British Conservatives towards a comfortable majority in next month’s election

UNITED STATES (OBSERVATORY NEWS) — Conservatives led by British Prime Minister Boris Johnson are heading for a comfortable victory in next month’s election, according to a new poll released on Thursday amid media reports that the rival Labor Party is reshaping its strategy.

The YouGov poll showed late Wednesday that if elections were held now, the Conservatives would snatch 44 seats from the main opposition Labor Party to a comfortable 68-seat majority in the House of Commons.

The poll – the largest so far in the campaign to estimate the results based on the number of seats – uses a model that correctly predicted 93 percent of the seats in the last elections in 2017, according to “YouGov.”

Elections in Britain take place on December 12, with Johnson hoping for a majority capable of backing his plan to leave the European Union at the end of January.

The data showed greater shifts from Labor to the Conservatives in more pro-Brexit regions, especially in the north and center of the country.

Labor has pledged to hold a new referendum on Brexit. Although Labor leader Jeremy Corbyn has indicated he will remain neutral, many senior members of his team have said they will defend staying in the EU.

As expected, Chug Curtis, director of political research at YouGov, said, “The key thing that decides how much these constituencies move against Labor is how they voted in the 2016 EU (referendum) referendum.”

But the conservatives are trying not to be complacent about positive results.

Johnson’s adviser, who was behind the 2016 Brexit campaign, warned Dominic Cummings just hours before the YouGov poll was published that the competition was still hot.

“As someone who has worked on many campaigns, things are more difficult than they seem and there is a very real possibility that no party will win a majority,” he wrote in a blog for supporters of Brexit.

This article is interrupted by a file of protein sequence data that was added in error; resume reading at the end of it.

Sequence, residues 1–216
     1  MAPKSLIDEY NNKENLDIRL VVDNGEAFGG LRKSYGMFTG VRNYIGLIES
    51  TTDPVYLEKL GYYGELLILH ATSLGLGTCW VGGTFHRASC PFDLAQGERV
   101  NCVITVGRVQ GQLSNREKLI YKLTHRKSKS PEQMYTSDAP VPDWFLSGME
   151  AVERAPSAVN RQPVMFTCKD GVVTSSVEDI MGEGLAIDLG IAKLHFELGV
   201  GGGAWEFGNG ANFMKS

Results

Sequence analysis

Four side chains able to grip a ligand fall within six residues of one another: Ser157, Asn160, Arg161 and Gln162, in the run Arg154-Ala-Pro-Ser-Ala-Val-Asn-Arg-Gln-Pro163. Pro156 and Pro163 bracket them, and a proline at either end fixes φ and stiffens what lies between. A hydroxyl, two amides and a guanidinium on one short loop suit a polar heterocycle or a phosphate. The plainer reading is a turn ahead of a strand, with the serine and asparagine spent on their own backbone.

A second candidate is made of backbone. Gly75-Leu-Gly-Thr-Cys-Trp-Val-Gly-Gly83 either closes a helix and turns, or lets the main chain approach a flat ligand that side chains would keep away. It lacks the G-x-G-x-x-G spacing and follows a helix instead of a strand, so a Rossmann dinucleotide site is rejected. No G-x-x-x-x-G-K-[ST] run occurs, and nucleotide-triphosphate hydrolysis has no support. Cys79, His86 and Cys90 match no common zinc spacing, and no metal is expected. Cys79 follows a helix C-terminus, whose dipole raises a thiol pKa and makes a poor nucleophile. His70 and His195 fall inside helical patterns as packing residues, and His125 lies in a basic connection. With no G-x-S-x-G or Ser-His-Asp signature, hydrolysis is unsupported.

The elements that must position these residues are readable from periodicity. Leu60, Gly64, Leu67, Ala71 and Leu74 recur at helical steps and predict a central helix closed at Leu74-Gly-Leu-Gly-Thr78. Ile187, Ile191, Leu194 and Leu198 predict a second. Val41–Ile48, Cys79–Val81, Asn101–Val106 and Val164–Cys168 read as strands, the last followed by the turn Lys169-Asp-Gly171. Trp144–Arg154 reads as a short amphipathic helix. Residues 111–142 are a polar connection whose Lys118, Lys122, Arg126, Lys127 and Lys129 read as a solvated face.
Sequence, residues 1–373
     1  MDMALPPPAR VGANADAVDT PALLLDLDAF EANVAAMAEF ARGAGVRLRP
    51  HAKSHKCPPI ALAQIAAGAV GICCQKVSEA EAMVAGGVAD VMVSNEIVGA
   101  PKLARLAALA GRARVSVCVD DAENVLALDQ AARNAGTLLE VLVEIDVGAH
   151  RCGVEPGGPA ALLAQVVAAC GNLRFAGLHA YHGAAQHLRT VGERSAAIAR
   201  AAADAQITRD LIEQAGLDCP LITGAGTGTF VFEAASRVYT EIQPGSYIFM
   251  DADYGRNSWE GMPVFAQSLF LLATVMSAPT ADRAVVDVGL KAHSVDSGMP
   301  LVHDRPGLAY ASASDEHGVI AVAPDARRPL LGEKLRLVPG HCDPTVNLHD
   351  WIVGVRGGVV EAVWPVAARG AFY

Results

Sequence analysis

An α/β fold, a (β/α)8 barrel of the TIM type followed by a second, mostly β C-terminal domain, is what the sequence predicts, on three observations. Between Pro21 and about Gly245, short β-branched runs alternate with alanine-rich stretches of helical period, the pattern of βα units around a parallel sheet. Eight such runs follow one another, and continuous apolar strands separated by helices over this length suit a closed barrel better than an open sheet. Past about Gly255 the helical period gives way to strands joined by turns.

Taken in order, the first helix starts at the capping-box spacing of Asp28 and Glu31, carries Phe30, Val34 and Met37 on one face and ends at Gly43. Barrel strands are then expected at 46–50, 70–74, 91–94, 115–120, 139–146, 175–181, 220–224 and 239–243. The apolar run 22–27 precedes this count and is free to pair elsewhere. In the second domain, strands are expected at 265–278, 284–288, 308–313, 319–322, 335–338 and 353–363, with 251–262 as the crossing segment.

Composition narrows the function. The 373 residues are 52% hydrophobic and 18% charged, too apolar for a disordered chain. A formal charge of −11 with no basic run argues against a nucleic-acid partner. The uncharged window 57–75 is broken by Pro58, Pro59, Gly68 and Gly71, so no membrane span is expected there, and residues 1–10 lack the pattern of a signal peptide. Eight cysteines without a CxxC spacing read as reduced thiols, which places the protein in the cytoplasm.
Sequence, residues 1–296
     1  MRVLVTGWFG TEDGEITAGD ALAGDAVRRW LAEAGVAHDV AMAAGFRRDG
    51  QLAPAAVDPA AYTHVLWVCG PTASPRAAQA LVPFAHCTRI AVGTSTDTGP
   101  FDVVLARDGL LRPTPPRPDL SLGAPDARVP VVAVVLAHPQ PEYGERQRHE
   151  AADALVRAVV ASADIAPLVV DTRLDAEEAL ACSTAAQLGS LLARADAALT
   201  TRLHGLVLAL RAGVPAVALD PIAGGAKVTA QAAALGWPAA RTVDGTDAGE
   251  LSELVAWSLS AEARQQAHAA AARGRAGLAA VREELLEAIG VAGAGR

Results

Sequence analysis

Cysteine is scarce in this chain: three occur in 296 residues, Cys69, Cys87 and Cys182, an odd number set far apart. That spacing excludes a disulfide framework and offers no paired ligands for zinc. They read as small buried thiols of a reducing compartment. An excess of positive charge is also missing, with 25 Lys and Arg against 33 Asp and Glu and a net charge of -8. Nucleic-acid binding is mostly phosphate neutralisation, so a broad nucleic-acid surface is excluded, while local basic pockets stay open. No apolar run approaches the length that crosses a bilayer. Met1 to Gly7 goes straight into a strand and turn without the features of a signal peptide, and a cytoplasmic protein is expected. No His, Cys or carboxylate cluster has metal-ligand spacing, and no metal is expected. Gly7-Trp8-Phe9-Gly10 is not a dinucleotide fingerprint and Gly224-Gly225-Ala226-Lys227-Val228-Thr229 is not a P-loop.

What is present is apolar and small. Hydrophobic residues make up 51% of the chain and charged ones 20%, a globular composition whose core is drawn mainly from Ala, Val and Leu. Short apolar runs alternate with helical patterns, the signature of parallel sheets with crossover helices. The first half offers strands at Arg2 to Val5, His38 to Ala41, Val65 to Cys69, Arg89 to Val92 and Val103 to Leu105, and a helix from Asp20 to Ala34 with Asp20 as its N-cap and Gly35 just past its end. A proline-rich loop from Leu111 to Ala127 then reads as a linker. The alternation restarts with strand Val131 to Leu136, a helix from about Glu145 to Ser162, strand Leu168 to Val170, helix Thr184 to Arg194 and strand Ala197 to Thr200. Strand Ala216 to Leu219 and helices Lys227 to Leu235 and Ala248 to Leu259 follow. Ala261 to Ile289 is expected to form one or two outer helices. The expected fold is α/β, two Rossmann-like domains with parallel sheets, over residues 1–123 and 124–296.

“Without a majority, the nightmare continues. The rest of the parliament will come together to prevent Brexit.”

– “Best performance since 1987” –

Johnson, who inherited a minority government in July, was unable to complete Brexit on October 31 due to opposition from parliament.

Johnson has vowed to bring his Brexit deal to lawmakers before Christmas if the Conservatives win the third election in four months in December.

He hopes it will be passed by parliament ahead of the next date for Britain to leave the European Union, set for January 31.

The YouGov poll predicts that the total number of conservative seats will rise to 359 out of 650 seats, compared to 211 for workers – a loss of 51 seats.

“In terms of seats, this will be the best performance for conservatives since 1987,” said the poll, which analyzed data including interviews with about 100,000 people.

The poll results gave little comfort to the smaller British parties all opposed to Brexit.

She predicted that the SNP would gain eight more seats, bringing the number of seats to 43. But the progress would be more modest for the Liberal Democrats (one more), while the nationalists in Wales would have four seats and the Green (green) advocates one.

Labor reshapes strategy

The Labor Party, whose polls have shown a decline for months, will refocus its campaign on constituencies that voted for Brexit in 2016, the BBC reported on Thursday.

More time will be given to the Labor deputies in favor of leaving the EU and more activists will be sent to the constituencies that voted for Brexit.

The media reports that the party will also stress that his plan to hold a new referendum is not an attempt to abolish Brexit but to give voters a real choice.

But it may be optimistic for workers in the YouGov census that they need only five percentage points to grab 30 seats the conservatives are expected to win, while other recent polls have shown that competition is generally closer.

The well-respected think tank, the Institute for Financial Studies, on Thursday criticized spending pledges by workers and conservatives alike.

The Labor Party has launched a massive program of public investment and nationalization, while the Conservatives have pledged to end a decade of austerity.

But the institute noted that neither party provided “credible” data in its election platform.


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